Take the 2-minute tour ×
Stack Overflow is a question and answer site for professional and enthusiast programmers. It's 100% free, no registration required.

I'm trying to write a simple regex that will locate object tags and ignore any matches that contain the words "youtube or "youtu.be".

I've tried

<object .*?>.+?(?=youtube|youtu\.be).+?<\/object>

Which successfully locates object tags WITH those words in them, but the converse does not work and instead just returns all object matches.

<object .*?>.+?(?!youtube|youtu\.be).+?<\/object>

Any idea what I'm missing here?

EDIT: It has to look through a source similar to:

<object width="560" height="315">
    <param name="movie" value="http://www.youtube.com/v/-F_ke3rxopc?version=3&amp;hl=en_US">
    <param name="allowFullScreen" value="true">
    <param name="allowscriptaccess" value="always">
    <embed src="http://www.youtube.com/v/-F_ke3rxopc?version=3&amp;hl=en_US" type="application/x-shockwave-flash" width="560" height="315" allowscriptaccess="always" allowfullscreen="true">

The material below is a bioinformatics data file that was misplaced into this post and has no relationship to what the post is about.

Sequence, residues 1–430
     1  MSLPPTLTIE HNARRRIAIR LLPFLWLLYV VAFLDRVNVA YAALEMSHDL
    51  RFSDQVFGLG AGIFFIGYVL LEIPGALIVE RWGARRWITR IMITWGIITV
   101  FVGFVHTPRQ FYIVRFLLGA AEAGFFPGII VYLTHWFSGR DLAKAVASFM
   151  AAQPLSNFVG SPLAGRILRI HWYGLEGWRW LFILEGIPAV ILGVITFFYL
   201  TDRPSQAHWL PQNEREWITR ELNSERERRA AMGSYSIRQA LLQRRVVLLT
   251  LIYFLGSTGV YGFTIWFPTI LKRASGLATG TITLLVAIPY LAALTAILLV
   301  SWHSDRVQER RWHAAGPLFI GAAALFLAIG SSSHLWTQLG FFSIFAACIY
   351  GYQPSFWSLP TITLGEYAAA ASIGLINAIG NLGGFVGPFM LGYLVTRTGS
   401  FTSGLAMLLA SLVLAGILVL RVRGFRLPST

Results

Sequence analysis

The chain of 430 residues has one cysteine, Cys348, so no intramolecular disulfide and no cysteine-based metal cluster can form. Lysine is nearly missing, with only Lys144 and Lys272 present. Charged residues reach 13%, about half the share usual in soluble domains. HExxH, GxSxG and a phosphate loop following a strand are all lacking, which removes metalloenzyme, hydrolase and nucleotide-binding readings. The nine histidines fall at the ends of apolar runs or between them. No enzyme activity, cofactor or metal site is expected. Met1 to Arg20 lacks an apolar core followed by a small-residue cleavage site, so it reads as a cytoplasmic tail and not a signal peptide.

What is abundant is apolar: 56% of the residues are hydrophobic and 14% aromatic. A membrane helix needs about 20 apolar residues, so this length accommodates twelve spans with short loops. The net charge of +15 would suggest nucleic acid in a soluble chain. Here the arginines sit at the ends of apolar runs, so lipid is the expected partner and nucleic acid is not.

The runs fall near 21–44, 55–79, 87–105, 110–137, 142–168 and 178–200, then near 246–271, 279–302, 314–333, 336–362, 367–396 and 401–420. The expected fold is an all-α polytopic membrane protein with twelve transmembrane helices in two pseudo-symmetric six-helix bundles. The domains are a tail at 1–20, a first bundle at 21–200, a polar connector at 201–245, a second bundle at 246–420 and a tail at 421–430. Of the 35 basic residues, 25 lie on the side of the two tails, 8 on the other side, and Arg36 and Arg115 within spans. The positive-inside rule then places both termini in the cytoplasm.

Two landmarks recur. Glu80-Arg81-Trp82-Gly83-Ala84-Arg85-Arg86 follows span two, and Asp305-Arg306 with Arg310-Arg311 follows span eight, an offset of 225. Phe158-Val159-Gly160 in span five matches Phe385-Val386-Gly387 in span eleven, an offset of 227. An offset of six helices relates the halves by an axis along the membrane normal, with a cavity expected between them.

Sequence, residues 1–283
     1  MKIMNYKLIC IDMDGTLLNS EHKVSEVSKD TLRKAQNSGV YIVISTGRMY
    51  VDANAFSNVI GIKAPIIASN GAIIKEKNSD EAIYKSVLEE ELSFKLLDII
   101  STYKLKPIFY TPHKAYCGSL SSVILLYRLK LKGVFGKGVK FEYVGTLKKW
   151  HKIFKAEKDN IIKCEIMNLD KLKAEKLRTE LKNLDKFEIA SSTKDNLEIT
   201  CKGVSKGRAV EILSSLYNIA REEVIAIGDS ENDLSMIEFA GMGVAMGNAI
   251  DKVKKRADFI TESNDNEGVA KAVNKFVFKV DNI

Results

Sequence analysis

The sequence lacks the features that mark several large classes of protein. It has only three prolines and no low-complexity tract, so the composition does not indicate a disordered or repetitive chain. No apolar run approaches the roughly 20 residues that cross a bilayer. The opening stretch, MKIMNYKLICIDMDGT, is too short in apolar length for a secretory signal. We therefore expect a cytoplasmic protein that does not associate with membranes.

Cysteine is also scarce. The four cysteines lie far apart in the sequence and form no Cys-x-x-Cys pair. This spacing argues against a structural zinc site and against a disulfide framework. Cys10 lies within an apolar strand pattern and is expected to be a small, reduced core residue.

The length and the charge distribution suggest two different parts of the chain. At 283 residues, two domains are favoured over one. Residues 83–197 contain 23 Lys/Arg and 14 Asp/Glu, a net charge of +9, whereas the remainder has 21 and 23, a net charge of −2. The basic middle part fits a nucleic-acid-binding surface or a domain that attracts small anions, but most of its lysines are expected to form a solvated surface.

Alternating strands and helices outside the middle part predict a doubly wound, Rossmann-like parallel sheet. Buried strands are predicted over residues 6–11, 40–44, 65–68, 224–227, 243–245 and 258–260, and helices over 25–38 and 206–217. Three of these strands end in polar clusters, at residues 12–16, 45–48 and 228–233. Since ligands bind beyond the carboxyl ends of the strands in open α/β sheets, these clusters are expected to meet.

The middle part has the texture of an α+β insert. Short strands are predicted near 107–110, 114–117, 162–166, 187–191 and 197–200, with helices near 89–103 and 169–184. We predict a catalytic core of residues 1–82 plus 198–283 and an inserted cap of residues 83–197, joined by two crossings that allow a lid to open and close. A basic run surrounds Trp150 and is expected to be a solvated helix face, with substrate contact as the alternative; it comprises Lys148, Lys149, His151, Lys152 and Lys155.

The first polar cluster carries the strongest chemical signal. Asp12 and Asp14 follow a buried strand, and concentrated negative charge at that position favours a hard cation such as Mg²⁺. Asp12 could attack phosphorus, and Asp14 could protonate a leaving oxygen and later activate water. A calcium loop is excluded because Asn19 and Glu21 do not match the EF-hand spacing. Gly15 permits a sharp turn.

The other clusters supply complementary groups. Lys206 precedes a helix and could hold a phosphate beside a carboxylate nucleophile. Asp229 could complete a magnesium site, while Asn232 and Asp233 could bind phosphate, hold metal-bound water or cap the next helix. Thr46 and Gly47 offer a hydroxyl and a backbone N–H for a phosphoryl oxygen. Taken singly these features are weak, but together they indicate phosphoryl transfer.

<object width="400" height="300">
    <param name="allowfullscreen" value="true" />
    <param name="allowscriptaccess" value="always" />
    <param name="movie" value="http://vimeo.com/moogaloop.swf?clip_id=31589401&amp;server=vimeo.com&amp;show_title=0&amp;show_byline=0&amp;show_portrait=0&amp;color=00adef&amp;fullscreen=1&amp;autoplay=0&amp;loop=0" />
    <embed src="http://vimeo.com/moogaloop.swf?clip_id=31589401&amp;server=vimeo.com&amp;show_title=0&amp;show_byline=0&amp;show_portrait=0&amp;color=00adef&amp;fullscreen=1&amp;autoplay=0&amp;loop=0" type="application/x-shockwave-flash" allowfullscreen="true" allowscriptaccess="always" width="400" height="300">

Then pick out object blocks that do not contain the words so than I can run a replace on them.

share|improve this question
When picking a solution remember that the URL to a non-youtube embed could easily include &youtube=false or any number of ways to get the string 'youtube' in there. –  evan Dec 9 '11 at 19:52
Great catch. Thanks! –  TGC79 Dec 9 '11 at 20:47

1 Answer 1

a valid but not perfect regex would be:


btw. http://www.rubular.com/ is a nice website to check regular expressions

share|improve this answer

Your Answer


By posting your answer, you agree to the privacy policy and terms of service.

Not the answer you're looking for? Browse other questions tagged or ask your own question.